John Bell refers to the article in "Terry’s Trivia and Travel Tips" in NetLetter #1408 regarding seating -

There were some (??) DC-3's that flew the Vancouver-Victoria run that had 28 seats.

John Bell.

In NetLetter #1312 issued December 7, 2014 under "First flights to the Pacific", James Ewen sends us this information -

tmb cpa cf tep first pacificI believe you have the names of Bud Potter and North Sawle mixed up. I worked for CP Air in Flight Crew Scheduling 1967 to 1968. I was on Captain Bud Potter's retirement flight.

(We, at the NetLetter, checked the original magazine and the names in the text differ from the names we added to the photo, so it appears as if James is correct.

Here we have a corrected photo - eds).

Graham Morley sent us this enquiry -

In 1957/58 a 1049 Connie' overshot the runway in Malton airport (YYZ) and ended up in the grass by the fence to the road we used to the ramp. We spent a day or so getting it out and into the hanger where it sat for ages!

It was finally fixed and sold but I don't know to whom. I recall that it crashed again I believe in California on its first flight! There appears to be no record of this incident in Connie' files.

Could you find the aircraft registration? It’s probably a C-FTG something and the dates of both incidents?


Ken Pickford responded with this information -

The TCA Super Connie overrun event you mention at YYZ was a little later than your 1957/58 recollection. It was February 10, 1960 and involved CF-TEZ, the last Super Connie delivered to TCA. It was one of two 1049H models built with main deck cargo doors and convertible to either passenger or cargo service.

More on that event here including several photos. (Note the first 2 photos are not of that aircraft but of CF-TGE which was restored more recently after being derelict for many years and is now on display at the Museum of Flight at Boeing Field in Seattle).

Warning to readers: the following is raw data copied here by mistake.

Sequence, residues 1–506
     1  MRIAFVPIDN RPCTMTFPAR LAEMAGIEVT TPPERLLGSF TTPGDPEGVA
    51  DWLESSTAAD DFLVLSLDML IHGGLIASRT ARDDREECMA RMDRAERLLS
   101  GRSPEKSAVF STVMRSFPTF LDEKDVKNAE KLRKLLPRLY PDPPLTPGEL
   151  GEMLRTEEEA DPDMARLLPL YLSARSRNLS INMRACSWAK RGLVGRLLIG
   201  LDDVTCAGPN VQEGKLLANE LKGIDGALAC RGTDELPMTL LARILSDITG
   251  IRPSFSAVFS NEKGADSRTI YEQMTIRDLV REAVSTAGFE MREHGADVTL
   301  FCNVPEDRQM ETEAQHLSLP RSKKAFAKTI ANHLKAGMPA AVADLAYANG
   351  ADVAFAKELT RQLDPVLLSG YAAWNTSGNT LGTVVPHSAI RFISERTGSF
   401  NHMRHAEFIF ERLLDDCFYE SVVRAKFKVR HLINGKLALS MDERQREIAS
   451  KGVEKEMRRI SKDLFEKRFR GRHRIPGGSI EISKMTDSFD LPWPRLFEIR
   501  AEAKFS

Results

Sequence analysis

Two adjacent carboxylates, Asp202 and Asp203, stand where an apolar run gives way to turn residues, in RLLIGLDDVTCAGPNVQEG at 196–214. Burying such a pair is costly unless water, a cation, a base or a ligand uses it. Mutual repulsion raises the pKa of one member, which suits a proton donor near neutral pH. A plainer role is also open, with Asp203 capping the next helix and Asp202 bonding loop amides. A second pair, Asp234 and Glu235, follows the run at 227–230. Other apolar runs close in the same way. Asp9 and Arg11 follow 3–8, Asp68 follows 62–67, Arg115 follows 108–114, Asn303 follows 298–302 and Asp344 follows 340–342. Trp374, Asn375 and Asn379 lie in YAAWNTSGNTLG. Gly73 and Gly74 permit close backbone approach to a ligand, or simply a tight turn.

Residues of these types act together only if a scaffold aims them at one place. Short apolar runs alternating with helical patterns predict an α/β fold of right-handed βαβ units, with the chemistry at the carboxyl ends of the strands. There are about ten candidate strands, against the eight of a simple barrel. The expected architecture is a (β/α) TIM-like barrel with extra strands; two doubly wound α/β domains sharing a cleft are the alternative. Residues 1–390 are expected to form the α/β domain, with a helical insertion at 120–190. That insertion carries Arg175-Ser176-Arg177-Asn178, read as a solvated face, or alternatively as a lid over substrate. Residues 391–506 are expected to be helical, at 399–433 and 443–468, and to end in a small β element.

Reference: canavbooks.wordpress.com/2009/08/13/more-cf-tge-nostalgia

The crash you mention that wrote off that aircraft was this event at San Francisco on February 3, 1963. Four of the eight aboard were killed. It was then operated by U.S. cargo carrier Slick Airways and was registered N9740Z.

Reference: aviation-safety.net/database

One photo here of the aftermath of that crash.

Reference: i.pinimg.com/originals

It's mentioned towards the bottom (6th last paragraph) in this history of Slick Airways.

Reference: airwaysmag.com/best-of-airways/ship-air-slick-way-air

Here is the official accident report. Some of the pages are cut off a bit at the right edge.

Reference: rosap.ntl.bts.gov/view/dot/33688

Slick Airways was acquired by another U.S. cargo operator, Airlift International, in 1966. They ceased operations in 1991.

Ken Pickford.

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